|Equipment service market share, by provider type
|Full onsite coverage, OEM
|Full onsite coverage, third-party
|Shared service, with some onsite
|Time and materials
|Service function contracted out (multivendor)
|Shared service, without onsite
|Other spending categories
OEM contracting is most popular for MRI, CT, and PET, the most expensive equipment in a hospital's imaging armamentarium and the systems that carry the biggest downtime risks. Third-party providers hold relatively larger shares of the x-ray and ultrasound markets.
ISOs still face some of the same problems that affected their acceptance when they first emerged as a competitive force for high-tech imaging maintenance 20 years ago. The survey revealed customer concerns about ISO lack of access to software that gives OEM engineers an edge for maintaining and repairing MRI, CT, and PET systems.
"There were many comments that came out of this report that indicated that many biomedical engineers at many hospitals feel that OEMs are the most qualified to service their equipment," Patton said.
Opinions about the future of the third-party market were mixed. Some survey respondents that used third-party companies are going back to an OEM because of service quality issues. Other facilities are considering using third-party providers more often as a cost-cutting measure.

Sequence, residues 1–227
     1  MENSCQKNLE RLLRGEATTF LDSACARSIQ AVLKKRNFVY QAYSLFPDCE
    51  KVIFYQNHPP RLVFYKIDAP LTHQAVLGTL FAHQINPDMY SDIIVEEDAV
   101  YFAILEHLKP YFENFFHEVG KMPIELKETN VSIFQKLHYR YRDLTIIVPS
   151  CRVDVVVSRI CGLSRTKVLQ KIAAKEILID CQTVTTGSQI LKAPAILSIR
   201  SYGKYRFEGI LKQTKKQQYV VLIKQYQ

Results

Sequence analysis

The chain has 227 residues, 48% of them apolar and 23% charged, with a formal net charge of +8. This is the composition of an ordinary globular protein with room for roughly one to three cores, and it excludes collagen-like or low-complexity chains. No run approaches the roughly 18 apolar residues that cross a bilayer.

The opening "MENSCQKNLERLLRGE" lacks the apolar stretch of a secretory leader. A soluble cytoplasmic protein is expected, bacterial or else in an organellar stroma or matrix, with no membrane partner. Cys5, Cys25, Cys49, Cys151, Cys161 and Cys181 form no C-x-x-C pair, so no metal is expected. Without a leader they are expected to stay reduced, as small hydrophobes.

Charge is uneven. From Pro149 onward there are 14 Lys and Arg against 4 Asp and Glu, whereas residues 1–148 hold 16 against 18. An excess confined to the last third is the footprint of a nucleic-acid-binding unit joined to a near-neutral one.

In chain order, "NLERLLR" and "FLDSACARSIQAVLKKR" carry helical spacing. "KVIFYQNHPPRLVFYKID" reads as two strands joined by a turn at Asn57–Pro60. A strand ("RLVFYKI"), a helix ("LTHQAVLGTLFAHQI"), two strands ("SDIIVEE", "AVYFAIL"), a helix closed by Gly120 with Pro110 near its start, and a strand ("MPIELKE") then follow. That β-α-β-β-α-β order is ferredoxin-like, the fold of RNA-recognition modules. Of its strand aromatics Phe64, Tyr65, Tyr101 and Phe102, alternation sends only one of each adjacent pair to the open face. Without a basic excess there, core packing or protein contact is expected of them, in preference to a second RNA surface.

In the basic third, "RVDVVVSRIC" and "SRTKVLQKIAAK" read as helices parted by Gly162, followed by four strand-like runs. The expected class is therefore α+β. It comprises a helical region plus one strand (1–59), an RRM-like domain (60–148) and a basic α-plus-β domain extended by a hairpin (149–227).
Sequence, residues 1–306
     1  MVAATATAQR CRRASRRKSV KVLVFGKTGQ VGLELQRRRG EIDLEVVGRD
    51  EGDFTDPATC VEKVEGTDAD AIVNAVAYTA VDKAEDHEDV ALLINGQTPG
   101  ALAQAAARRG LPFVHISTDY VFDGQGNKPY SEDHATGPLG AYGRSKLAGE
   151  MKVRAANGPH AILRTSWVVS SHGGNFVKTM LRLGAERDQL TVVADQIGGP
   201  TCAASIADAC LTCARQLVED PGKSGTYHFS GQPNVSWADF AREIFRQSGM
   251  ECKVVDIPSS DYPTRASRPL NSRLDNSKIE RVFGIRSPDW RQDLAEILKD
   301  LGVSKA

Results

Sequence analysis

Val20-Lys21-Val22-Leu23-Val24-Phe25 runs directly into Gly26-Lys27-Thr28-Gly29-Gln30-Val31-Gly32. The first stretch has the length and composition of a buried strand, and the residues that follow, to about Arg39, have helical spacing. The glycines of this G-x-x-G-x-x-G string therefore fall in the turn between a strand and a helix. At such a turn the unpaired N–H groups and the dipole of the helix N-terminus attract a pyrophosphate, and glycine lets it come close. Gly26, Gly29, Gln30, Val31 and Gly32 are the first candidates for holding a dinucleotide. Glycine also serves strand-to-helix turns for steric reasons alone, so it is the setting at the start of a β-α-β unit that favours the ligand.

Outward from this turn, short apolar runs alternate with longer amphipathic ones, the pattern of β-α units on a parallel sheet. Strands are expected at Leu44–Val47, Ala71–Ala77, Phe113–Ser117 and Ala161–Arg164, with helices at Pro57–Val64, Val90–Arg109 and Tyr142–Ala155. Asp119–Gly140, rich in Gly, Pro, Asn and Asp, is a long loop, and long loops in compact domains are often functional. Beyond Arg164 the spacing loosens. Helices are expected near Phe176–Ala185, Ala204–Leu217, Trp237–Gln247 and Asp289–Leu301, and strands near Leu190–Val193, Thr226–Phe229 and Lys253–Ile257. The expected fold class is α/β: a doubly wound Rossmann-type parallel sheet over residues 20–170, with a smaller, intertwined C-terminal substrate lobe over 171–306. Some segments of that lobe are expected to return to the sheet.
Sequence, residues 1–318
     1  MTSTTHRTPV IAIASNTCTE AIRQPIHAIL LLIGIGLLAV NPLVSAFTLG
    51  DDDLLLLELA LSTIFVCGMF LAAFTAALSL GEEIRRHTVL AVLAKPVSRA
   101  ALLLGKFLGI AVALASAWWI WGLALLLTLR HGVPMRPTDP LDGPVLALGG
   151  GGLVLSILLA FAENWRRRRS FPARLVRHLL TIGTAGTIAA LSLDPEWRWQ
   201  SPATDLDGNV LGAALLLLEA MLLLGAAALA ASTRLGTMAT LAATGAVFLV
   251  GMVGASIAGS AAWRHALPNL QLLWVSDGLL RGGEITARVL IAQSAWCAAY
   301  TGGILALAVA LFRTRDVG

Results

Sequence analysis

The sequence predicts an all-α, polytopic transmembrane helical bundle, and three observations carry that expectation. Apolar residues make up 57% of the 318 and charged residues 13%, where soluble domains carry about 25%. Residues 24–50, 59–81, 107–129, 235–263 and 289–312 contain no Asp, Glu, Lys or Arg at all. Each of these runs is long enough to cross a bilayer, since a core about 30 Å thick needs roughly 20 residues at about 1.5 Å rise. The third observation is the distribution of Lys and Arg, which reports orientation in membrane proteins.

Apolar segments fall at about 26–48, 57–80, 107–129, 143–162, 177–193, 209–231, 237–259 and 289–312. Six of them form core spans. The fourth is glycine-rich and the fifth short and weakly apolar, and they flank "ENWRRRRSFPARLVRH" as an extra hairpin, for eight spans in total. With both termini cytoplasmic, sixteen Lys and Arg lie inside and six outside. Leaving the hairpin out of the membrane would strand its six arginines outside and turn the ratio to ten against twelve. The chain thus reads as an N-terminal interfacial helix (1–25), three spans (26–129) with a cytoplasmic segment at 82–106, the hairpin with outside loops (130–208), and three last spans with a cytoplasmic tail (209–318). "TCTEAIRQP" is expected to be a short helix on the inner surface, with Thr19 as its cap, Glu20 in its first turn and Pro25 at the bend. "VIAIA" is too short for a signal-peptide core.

The report established that vendors use remote diagnostics and sometimes remote equipment repair more often than expected. The survey found that OEMs have been surprisingly aggressive about applying Web-based tools to monitor equipment performance to predict the probability of future system failures. Remote diagnosis and repair help cut travel costs for the service firm's engineers and improve response times, especially for rural hospitals, Patton said.
But the survey also found that customers are aware that remote monitoring and intervention also raises security concerns. An OEM engineer who can breech a hospital's security firewall to repair a CT scanner can also potentially tap hospital information technology systems for financial, personnel, and medical records.
The survey also found that some hospitals have attempted to add uptime warranties, minimum hours of coverage, and minimum response times to their service contracts. IMV analysts learned that rural hospital managers are particularly hard-pressed to minimize scanner downtime because of the long distances vendor engineers must travel to make service calls.
Survey results were based on responses from 401 hospital-based biomedical engineering managers or radiology medical directors who filled out an online survey distributed to 4,886 acute care hospitals that provide diagnostic imaging services in the U.S. The report covers service contracting for CT, MRI, PET, PET/CT, and other nuclear imaging systems, nonhandheld diagnostic ultrasound scanners, general x-ray, mammography, and cardiac and noncardiac categories of C-arms.
By James Brice
AuntMinnie.com contributing writer
May 6, 2010
Disclosure notice: AuntMinnie.com is owned by IMV, Ltd.